The Fed's June shift in expectations for short-term interest rates seemed to catch markets leaning the wrong way to a degree. The June "pause" in lifting interest rates did come as expected, but was to be short-lived, given Fed members' projections of where they thought monetary policy would go for the rest of 2023. Instead of the June pause perhaps presaging a longer spell of unchanged policy rates, the Summary of Economic Projections clearly revealed that the pause would be only a one-off "skip” and suggested that it wouldn't be long before at least one rate hike, would be in the cards.
Things will likely become a little trickier for the Fed over the next couple of months. There's a longer-than-usual gap between the July and September meetings (about 8 weeks instead of the usual 6) and so there is rather more data to consider before the next policy move comes.
We already saw one of those PCE reports, for June: in it, inflation cooled again, with core PCE inflation decreasing to a 4.1% annual clip, its best showing since September 2021. While still about two times the Fed's desired level, it has shown considerable deceleration, as this same measure was running at a 5.2% annual rate as recently as last September. For those interested in the math, that's a 21% decline in core inflation in just the last 10 months, so core inflation is cooling at a fair clip.
Compared to last year, mortgage rates have had a relatively calm first half of 2023, but there has been enough volatility to see the average conforming 30-year FRM wander in a 70 basis point (0.70%) range over the first 26 weeks of the year, but staying within the boundaries we expected. So far, 30-year FRMs have been as low as a comparatively cheap 6.09% and as high as a rather uncomfortable 6.79%, but our expected forecast range is still holding. Here's hoping rates spend more time toward the lower portion of our range over the next half of the year, but this may be difficult, given stubborn inflation and a Fed again pointing toward higher short-term rates before long.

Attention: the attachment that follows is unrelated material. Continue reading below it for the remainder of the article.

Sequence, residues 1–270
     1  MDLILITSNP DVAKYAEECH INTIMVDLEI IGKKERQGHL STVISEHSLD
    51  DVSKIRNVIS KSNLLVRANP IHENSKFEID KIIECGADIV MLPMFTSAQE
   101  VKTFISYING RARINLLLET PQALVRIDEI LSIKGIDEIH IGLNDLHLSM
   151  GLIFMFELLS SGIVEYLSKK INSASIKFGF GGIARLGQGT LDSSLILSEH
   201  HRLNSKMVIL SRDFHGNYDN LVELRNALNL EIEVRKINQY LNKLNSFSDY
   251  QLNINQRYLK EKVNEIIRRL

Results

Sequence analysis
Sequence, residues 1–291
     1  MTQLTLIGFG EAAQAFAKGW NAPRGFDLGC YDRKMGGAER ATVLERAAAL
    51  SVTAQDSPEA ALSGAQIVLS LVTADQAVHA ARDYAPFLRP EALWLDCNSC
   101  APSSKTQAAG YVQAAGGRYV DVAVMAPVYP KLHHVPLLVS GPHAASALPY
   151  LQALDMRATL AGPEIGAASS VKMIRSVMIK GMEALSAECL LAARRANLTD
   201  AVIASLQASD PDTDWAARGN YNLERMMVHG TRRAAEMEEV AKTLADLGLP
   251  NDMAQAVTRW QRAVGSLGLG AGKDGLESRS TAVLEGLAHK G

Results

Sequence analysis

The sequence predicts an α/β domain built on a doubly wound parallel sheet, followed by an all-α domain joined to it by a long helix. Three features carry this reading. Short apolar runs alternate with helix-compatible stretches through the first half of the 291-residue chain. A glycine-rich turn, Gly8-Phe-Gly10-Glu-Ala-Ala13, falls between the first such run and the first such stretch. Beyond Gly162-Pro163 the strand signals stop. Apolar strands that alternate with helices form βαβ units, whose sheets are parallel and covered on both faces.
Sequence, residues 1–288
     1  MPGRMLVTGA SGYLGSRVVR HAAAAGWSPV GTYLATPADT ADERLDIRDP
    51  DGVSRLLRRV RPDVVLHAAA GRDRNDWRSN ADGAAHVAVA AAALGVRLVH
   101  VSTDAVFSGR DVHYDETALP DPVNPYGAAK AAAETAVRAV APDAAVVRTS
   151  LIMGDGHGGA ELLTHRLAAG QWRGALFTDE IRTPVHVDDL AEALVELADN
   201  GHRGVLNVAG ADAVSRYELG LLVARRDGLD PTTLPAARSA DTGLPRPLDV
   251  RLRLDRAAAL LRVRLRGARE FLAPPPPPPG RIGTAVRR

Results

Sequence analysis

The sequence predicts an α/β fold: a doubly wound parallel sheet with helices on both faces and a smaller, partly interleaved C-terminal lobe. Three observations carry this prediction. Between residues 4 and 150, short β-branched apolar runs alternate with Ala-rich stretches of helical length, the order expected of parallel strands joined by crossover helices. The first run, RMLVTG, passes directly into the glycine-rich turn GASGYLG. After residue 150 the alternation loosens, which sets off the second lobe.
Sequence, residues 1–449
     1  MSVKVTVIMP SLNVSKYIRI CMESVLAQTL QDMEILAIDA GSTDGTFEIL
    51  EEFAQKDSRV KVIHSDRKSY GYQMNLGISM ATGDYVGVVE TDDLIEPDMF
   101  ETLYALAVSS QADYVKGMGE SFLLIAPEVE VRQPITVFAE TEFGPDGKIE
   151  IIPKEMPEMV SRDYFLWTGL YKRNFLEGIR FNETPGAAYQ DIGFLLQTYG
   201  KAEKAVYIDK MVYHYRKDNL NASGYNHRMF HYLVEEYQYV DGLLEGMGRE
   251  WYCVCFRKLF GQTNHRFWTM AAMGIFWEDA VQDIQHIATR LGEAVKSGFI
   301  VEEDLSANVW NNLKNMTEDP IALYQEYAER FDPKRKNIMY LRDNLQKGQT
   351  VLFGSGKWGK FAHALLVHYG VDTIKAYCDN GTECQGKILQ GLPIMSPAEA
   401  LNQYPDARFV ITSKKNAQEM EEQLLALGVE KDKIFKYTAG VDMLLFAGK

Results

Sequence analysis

While there is no doubt still-considerable desire to buy a home, decreasing affordability due to high home prices and high mortgage rates are contributing to the significant slowing in sales. This put a damper on the kind of marketconditions where folks were often paying above asking prices for available properties. That's really no longer the case, and with these headwinds already in place and the typical seasonal slowing in activity, there's a very good likelihood that home price increases will move to flatline in the next few months, at least on a national level.
We're already starting to see greater-than-seasonal declines in home prices -- and on a more widespread basis -- than is typical. Using National Association of Realtor data covering the top 50 metro areas, it's not uncommon to see up to half of the metros showing lower home prices in the third quarter than in the second of each year, and usually more metros show this pattern from the third to the fourth quarter. For 2022, 41 of the top 50 metros (82%) posted lower prices in the third quarter compared to the second, and the national median home price for the period was also lower, too.
There's a good chance that there's only a slight residual bump in mortgage rates at most for this week. We'll hedge those possible outcomes, and expect an increase of perhaps a basis point or three in the average offered rate for a conforming 30-year fixed-rate mortgage.